Wondering what an interstitial is? This is a term used to describe pages that interrupt or block the content you’re trying to reach by displaying an overlying message. You will often see this technique used online to collect email addresses or show an advertisement to visitors on the first page they view. The obvious goal here is to bring something important to a user’s attention in a way they cannot miss. While this is great in theory, the common side effect is frustrating your users.
We generally do not recommend using interstitials because of the frustration factor associated, however, they can be quite effective if you need to build an email list, increase sign-ups for events, or promote a particular product or service.
About the Penalty
Aside from treating your users right, there is now another good defense against using interstitials. Google has confirmed they have begun rolling out an intrusive interstitial penalty on mobile search as of January 10th. This penalty is targeted at interstitials that happen directly after clicking through from a Google mobile result page. It sounds like this will not affect interstitials that happen after a user navigates to a second page. So in theory, you could potentially keep your interstitial but show on the second page a user views to avoid the penalty.
What types of interstitials will be impacted?
The image below from Google visually shows the types of interstitials that will be impacted.
- Showing a popup that covers the main content, either immediately after the user navigates to a page from the search results, or while they are looking through the page.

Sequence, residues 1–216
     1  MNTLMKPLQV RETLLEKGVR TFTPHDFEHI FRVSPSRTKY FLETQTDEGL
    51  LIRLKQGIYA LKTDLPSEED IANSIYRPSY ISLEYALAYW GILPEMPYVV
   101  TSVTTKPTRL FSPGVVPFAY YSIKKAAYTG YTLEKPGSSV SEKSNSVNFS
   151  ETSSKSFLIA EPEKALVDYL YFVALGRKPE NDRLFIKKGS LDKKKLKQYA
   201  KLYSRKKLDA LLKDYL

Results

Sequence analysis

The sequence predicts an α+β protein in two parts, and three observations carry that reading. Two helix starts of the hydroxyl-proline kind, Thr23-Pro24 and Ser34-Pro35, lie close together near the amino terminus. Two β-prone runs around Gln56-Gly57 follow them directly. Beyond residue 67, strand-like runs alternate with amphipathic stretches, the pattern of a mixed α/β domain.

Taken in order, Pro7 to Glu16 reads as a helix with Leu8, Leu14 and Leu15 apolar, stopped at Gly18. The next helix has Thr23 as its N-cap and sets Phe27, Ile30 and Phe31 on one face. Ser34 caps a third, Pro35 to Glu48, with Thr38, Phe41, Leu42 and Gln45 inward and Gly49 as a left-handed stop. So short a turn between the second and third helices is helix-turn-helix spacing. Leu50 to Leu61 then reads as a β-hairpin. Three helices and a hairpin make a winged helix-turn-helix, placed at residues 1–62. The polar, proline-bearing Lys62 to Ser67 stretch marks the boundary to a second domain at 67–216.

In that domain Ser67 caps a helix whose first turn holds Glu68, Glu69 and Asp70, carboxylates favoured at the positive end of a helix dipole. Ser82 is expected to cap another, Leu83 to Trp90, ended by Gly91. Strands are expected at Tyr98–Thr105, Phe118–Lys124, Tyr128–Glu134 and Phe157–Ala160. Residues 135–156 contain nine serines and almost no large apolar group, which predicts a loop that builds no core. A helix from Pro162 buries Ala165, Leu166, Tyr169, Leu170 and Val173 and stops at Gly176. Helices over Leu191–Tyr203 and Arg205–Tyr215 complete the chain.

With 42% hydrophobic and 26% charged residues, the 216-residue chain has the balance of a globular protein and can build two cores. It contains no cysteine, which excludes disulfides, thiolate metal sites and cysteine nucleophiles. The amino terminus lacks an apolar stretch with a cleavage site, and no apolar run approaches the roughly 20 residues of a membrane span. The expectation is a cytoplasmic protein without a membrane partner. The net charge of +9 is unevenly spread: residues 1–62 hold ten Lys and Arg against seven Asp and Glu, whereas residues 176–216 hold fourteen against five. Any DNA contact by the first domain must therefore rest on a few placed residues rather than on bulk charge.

- Displaying a standalone interstitial that the user has to dismiss before accessing the main content.
- Using a layout where the above-the-fold portion of the page appears similar to a standalone interstitial, but the original content has been inlined underneath the fold.
Are there any types that won’t be impacted?
The image below shows 3 types that will not be impacted if used responsibly by website owners.
- Interstitials that appear to be in response to a legal obligation, such as for cookie usage or for age verification.
- Login dialogs on sites where content is not publicly indexable. For example, this would include private content such as email or unindexable content that is behind a paywall.
- Banners that use a reasonable amount of screen space and are easily dismissible. The app install banners provided by Safari and Chrome are examples of banners that use a reasonable amount of screen space.
What should I do if I’m at risk?
If you are currently using an interstitial that you think could put you at risk, you’re welcome to contact our online marketing department and we can analyze it for you. In most cases, you will be able to compare the content to one of the illustrated examples above from Google to get an idea of how to proceed.
I am using an interstitial that is at risk. How do I fix it?
The best solution would be to remove it entirely to mitigate the risk. If that is not an option or not something you would like to do, there are a few ideas below:
- Only show your interstitial to desktop users – You can identify the platform your user is on and only show the interstitial to desktop users. The penalty announced is only for mobile users and mobile search so you can continue to use your interstitial on desktop for now. Alternatively, Google has announced that it will be migrating to a mobile search index, so when that happens the penalty will likely affect your desktop version anyway.
- Move your interstitial to the second page a user visits. This will allow you to capture information from engaged users without annoying those that aren’t.
- Look at an alternative type of interstitial that fits within the compliance requirements. Better yet, look at an alternative method of sharing the information with your users by making it part of the website experience.
The important takeaway from this article is that it is time to take action. If you’re using an interstitial on your website it is time to look at another solution as soon as possible so as to avoid the penalty.